Recently I watched a good video by Mark Brown about the Last Guardian. He analyzes how the game communicates story through gameplay and he looks at one specific moment in the game. If you don’t mind mild spoilers on the Last Guardian then go check out the video, it’s pretty good.
This got me to thinking about other moments in games when story is being told through narrative.
Of relevance is an older post I made about Riven and how it manages to merge narrative and gameplay so that they are one and the same. The image at the top of the post is also for Riven, but there’s no storytelling going on there. I just like that view.
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[~8,300 words for all drafts put together]
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So, over a year ago I raged against how terrible and stupid Variks’ dialogue is in Destiny’s Prison of Elders. And to put my money where my mouth was I said that I would write my own version of Variks’ dialogue. Then I just didn’t.
For the longest time (over a year) I didn’t feel like going through the effort. Then about a month ago I suddenly felt like accepting the challenge I had given myself. So, I wrote my own version of Variks’ Prison of Elders dialogue which is much better than what actually appears in the game, although that’s not saying much considering the originals (“Kill them dead.”)
Postmortem of the Seven Tasks: my mod for Lugaru (Part 2)
CONTINUED FROM PART 1
Map 7: The desert sandstorm
I had fun with this level. People enjoyed it even though it’s very badly designed.
I got the “sandstorm” effect by lowering the view distance, altering the lighting, and altering the tint to the “fog”. The fog isn’t actually moving, but it still gives a good impression of a sandstorm. People thought this was cool.
PART 1 of 2
OH MAN! I have been trying to get through a backlog of ideas so that I could finally get to this. I still haven’t gotten through my backlog, but felt like jumping to this anyway.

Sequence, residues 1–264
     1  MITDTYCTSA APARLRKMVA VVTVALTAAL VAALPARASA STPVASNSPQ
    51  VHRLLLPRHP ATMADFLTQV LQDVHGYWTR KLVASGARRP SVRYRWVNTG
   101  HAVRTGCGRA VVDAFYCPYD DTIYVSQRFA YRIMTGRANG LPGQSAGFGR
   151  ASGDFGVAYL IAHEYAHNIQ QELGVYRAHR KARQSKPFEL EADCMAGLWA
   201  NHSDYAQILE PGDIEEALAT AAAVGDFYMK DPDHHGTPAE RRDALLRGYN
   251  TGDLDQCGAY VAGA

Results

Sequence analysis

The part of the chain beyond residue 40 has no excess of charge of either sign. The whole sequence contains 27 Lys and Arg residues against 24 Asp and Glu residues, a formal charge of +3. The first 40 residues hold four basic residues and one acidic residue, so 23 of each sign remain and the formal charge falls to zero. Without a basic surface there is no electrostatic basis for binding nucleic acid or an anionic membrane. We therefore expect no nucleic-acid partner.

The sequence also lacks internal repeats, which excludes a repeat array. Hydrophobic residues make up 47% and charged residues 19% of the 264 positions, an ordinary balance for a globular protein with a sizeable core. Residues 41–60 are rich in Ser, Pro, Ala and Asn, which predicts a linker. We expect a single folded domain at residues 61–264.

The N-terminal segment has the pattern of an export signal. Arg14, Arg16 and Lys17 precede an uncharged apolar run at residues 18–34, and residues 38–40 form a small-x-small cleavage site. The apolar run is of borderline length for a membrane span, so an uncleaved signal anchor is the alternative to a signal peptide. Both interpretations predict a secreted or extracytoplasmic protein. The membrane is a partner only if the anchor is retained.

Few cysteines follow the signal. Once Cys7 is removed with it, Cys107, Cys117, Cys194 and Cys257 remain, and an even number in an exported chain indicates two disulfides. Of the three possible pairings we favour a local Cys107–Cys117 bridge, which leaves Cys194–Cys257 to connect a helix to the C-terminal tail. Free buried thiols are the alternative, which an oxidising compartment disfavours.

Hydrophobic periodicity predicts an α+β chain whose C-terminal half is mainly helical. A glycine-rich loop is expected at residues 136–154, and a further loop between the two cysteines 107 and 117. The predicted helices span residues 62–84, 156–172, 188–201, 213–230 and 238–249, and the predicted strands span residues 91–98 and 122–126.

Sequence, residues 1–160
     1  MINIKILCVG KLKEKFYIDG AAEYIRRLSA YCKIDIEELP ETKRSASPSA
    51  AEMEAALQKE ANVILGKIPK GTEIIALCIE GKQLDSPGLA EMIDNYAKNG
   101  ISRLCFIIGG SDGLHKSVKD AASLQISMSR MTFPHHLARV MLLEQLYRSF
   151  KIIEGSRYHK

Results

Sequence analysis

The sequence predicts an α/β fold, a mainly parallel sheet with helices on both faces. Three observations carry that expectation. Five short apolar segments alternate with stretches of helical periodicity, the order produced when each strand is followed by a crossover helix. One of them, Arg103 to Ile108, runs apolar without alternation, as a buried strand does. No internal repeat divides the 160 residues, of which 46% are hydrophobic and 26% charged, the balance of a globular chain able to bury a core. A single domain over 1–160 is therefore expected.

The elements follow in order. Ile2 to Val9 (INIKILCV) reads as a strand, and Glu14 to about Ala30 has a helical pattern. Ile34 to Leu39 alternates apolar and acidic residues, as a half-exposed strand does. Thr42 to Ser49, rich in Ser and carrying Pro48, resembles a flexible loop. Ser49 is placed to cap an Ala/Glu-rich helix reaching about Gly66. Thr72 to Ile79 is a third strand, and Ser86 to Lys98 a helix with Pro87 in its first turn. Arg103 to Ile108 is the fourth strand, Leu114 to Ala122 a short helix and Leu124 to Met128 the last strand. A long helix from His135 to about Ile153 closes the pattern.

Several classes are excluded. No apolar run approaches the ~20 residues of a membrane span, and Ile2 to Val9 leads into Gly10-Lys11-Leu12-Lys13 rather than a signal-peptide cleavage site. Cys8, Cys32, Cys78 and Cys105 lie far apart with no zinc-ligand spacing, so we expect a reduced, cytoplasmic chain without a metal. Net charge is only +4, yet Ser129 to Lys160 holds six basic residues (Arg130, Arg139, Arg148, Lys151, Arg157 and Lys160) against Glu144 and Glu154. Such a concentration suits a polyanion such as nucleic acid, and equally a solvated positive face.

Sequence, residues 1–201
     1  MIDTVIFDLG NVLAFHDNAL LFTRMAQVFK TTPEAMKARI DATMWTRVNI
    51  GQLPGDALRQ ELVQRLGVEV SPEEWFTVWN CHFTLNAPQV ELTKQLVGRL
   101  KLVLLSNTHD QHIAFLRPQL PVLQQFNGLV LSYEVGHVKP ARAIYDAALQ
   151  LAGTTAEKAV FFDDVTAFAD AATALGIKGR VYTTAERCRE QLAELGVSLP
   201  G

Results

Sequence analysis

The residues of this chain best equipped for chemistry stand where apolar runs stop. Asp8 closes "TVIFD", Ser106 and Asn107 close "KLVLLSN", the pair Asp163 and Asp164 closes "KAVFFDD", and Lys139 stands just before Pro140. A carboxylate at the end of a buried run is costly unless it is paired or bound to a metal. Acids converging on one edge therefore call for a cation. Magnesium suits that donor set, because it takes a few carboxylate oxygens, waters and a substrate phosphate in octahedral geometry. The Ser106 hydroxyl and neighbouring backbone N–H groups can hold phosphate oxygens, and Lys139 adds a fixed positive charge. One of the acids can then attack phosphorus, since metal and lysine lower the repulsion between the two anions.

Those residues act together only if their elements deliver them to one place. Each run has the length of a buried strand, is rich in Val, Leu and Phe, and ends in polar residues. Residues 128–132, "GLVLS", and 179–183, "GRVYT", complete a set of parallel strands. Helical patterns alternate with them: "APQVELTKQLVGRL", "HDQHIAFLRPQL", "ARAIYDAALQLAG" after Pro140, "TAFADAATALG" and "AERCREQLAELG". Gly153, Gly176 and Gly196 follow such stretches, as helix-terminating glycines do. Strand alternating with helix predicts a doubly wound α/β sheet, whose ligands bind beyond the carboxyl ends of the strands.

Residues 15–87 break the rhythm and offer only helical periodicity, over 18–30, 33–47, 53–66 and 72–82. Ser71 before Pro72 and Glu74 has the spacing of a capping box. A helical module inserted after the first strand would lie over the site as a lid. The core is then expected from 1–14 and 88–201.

I myself have dabbled in game design and modding over the years. I haven’t done much. There’s various reasons for this including that I’ve never had quality, modern PC hardware. For most of my life I’ve only had outdated Macs handed down to me by family.
Nevertheless, I figured that with all the analyzing and critiquing of other games that I do that it was about time I did some postmortems of my own extant work (some of my earlier modding, game design, and programming, as well as games I made on my graphing calculator, have been lost to history).
The first thing I’ll look at will be a mod I made for the indie game Lugaru, by Wolfire Games (aka David Rosen) (the sequel, Overgrowth, is currently being developed). I made my mod way back in early 2009 and the forum post where I posted it still exists on Wolfire’s website.
The first image isn’t actually a good example of what I want to talk about; it’s just a cool map in a video game. What I want to talk about in this post are maps that actually represent the level or playable space in a game, but which don’t actually serve a gameplay purpose to the player.
Let’s dive in.
Here’s a brief post about an interesting moment in a level of the real-time-tactical game Myth 2: Soulblighter. The level is called “Into the Breach” and it involves you trying to get your troops to infiltrate the motte-and-bailey castle of a traitorous baron who is creating an army of Thrall (essentially zombies with axes).
In what amounts to the mission briefing, the narrator mentions how in the night he and his comrades saw an army of 1,000 thrall leave the castle and march off towards a friendly village.
This bit of narrative is reflected and reiterated in a moment in the level itself.
Humor can be one the of the hardest things to pull off in any medium of entertainment. It might also be one of the most rewarding for both the audience and the creator.
And if game designers find it hard to combine narrative and gameplay then combining humor and gameplay is even more difficult.
The Secret of Monkey Island is pretty famous for being fun, creative, and, of course, funny. Along with standard forms of visual or verbal humor, one of the things that Monkey Island does well is make sure that the gameplay itself is funny. There’s a few different moments where this happens, but there’s one particular example that exemplifies the idea of interweaving the humor and the gameplay so that gameplay and humor are the same thing. Playing the game is actually funny, not just reading a conversation or seeing something silly on the screen.